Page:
aledda wrote:The second language I learned was Portuguese and learning it was the opposite of what I experienced learning English.
As I mentioned before, since I was a child I considered Portuguese as a beautiful language. There were several reasons why I was attracted to it:
- The most obvious reason, specially for a child, is that it is a language very similar to Spanish. Without having studied it, I was able to understand a lot of what I listened/read in that language.
- The spoken language has a cadence and musicality that is not found in other languages.
- I grew up surrounded by the language, thanks to the music that my mother always listened to.
- My maternal grandmother was born in Brazil, and although she always spoke to us in Spanish (there were times when she spoke in some kind of "Portuñol", but those were very few), due to a feeling of loyalty towards the family or something like that, I always felt that I had to learn that language to get closer to my "roots". (I think I was around 8-9 years old when I made that statement
I was lucky to start learning it "seriously", when I was 14-15 years old (I'm not sure if it was on 2000 or 2001). The opportunity arose while I was still "suffering" with English, when the school opened a Portuguese course for the students of my high school. The course was very basic, but it was useful to lay a solid foundation of Portuguese. Unfortunately, the course was open for just one year, and then university and life in general happened, and I couldn't keep studying it until I took it up again in 2010.
At that time I was already working and in December of the previous year I had taken the ECPE exam, so I had both the time and money to spend them learning Portuguese. Luckily, I could afford to pay for classes at an institute where all the teachers were from Brazil. This helped to learn the language from natives, and also to learn more about the Brazilian culture (of Brazil in general and the distinctive features of each region of the country): the dances, the music, the carnival, the food, the history of the country, the folklore, the architecture, the literature (I became friends with the librarian of the institute, and she always recommended me books to read), etc.
As for the language, the most difficult thing was to differentiate it from Spanish, so as not to fall into the error of speaking "Portuñol". In addition to the obvious differences in vocabulary, the spelling in some cases was a challenge, things that are considered spelling errors in Spanish, are not in Portuguese and viceversa (things like "yo cantaBa" and "eu cantaVa", "liBro" and "liVro", even made me write badly in my own language in moments of distraction). And I shouldn't forget about the difference between the genre of some nouns ("EL equipo" and "A equipe", "LA nariz" and "O nariz", "EL árbol" and "A árvore", "LA sangre" and "O sangue", "EL viaje" and "A viagem", etc).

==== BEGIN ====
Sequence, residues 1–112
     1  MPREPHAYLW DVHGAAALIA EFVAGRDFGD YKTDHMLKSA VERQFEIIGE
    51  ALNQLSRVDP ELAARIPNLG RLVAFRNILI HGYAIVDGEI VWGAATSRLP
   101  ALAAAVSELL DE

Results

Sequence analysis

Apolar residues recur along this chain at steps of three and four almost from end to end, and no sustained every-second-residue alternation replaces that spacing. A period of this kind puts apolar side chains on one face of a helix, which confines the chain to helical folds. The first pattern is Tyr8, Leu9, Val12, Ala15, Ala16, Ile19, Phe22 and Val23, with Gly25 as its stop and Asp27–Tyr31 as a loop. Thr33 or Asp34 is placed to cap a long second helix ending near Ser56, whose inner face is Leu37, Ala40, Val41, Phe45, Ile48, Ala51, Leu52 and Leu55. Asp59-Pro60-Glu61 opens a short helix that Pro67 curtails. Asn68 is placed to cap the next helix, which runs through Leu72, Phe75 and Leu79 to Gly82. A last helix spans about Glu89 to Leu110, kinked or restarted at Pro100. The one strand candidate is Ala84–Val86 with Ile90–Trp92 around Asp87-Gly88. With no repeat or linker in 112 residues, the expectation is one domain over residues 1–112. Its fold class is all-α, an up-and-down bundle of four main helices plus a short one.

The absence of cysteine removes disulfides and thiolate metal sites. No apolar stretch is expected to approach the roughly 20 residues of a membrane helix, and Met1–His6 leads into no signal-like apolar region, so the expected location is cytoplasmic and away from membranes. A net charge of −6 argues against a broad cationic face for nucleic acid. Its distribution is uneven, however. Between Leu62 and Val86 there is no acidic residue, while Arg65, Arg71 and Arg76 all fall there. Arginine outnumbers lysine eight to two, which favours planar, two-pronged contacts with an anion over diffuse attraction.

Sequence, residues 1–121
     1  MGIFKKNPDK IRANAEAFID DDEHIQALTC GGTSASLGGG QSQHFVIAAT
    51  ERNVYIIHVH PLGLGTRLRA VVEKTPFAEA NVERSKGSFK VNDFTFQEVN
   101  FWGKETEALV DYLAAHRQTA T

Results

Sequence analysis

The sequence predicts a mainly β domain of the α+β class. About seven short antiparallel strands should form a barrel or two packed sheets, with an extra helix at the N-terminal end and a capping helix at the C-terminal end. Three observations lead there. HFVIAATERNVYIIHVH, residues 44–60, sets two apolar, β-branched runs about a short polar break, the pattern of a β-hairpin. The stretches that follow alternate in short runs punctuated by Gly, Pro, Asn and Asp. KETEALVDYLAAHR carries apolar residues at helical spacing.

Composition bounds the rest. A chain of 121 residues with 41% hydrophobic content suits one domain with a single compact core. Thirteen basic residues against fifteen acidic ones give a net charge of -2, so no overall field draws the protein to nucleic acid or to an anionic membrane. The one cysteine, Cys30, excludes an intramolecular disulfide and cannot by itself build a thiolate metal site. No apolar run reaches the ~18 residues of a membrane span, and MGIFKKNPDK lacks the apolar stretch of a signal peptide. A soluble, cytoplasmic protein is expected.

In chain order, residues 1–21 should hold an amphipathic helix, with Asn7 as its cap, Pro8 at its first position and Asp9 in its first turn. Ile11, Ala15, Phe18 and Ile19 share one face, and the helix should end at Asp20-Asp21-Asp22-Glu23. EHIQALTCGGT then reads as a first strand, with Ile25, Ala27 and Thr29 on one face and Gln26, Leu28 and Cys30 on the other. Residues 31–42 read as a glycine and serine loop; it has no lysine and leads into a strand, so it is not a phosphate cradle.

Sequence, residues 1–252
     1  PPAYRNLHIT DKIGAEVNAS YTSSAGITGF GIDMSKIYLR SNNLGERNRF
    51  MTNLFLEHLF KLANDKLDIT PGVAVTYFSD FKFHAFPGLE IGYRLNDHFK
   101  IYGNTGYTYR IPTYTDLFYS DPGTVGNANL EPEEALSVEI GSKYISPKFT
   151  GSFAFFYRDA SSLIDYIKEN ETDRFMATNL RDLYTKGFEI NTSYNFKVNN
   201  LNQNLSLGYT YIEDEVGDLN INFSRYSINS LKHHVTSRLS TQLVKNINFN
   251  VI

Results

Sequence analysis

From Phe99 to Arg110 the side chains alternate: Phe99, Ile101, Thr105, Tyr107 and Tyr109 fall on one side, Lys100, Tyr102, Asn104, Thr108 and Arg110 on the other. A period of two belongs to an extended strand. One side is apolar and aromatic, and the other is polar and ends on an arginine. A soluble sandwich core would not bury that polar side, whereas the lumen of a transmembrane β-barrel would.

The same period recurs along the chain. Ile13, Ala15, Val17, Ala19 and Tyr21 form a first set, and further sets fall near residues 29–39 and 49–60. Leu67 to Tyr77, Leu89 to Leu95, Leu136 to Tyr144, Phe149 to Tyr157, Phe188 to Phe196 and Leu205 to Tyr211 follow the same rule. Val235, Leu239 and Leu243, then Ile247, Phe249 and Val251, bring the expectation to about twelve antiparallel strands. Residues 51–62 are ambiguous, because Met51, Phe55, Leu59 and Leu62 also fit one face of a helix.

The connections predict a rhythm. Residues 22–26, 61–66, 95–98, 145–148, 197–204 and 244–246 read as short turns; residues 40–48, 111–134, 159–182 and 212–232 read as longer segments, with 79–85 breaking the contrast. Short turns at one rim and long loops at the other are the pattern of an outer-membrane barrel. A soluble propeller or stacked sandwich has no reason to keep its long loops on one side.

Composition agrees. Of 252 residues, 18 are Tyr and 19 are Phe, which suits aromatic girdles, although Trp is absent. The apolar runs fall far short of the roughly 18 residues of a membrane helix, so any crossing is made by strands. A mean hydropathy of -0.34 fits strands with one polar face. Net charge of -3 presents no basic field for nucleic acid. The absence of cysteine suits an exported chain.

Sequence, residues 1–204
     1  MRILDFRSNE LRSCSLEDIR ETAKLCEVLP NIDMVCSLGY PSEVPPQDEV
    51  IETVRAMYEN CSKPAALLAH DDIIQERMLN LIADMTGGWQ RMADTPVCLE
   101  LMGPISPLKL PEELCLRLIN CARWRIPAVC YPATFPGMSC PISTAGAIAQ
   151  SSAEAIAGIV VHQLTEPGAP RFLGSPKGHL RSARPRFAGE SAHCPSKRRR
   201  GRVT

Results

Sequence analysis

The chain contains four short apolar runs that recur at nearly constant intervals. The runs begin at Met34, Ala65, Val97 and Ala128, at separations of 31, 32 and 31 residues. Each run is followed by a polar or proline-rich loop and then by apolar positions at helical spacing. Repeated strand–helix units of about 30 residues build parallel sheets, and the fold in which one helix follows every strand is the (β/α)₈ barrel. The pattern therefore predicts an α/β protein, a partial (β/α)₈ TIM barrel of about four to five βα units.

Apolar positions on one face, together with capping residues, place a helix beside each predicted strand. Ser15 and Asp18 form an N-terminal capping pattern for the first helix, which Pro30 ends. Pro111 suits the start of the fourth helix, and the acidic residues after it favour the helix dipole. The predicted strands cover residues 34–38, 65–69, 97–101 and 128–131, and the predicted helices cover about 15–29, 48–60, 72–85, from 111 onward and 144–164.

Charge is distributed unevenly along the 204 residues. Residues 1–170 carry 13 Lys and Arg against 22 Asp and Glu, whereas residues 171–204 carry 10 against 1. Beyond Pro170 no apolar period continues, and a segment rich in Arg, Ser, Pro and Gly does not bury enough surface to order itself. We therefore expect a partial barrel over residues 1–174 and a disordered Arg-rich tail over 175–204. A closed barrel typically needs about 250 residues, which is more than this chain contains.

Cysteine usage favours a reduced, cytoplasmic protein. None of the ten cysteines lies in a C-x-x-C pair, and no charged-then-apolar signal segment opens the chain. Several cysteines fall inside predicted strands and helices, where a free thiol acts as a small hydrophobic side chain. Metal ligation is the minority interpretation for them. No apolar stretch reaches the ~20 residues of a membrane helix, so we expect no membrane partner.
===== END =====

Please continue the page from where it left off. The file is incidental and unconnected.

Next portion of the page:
What did surprise me was the pronunciation. I always had struggled trying to pronounce well in English, and yet in Portuguese, my teachers praised my pronunciation. It helped a lot that in Portuguese there are "clear rules" about pronunciation (this letter before this other letter sounds like this, this letter at the end of a word is pronounced like this, etc), so just by looking at a word I knew how it should be pronounced, without having to go to look for the phonetic in a dictionary. For the introverted person that I am, that made me feel more confident when I had to speak the language. I know it's silly but, it was the first time I could enjoy talking comfortably in another language.
And after 3 years of dedicating all my Saturday mornings to attend classes, I prepared the CELPE-Bras and got my second certificate in a foreign language in 2013.
Unfortunately, even though I am still reading books and listening to music in Portuguese, I have barely used the language actively since then. Besides my trips to Brazil and Portugal, the only opportunities I have are when I come across Brazilian or Portuguese tourists visiting Uruguay (luckily a lot of Brazilians visit Montevideo) or when I met people from those countries on my other trips. Ah... It also helped me to understand Galician when I went to Santiago de Compostela and Vigo (in Galicia).
What I am trying to say is that I need to make more efforts to use it actively instead of just "mantaining" it, as I have done these last few years. That is the reason why I signed up for SC 2018-2019 with Portuguese, and one of the reasons why I want to "revive" my blog, so I feel the "obligation" to write more often in Portuguese.
Please, feel free to correct any mistakes.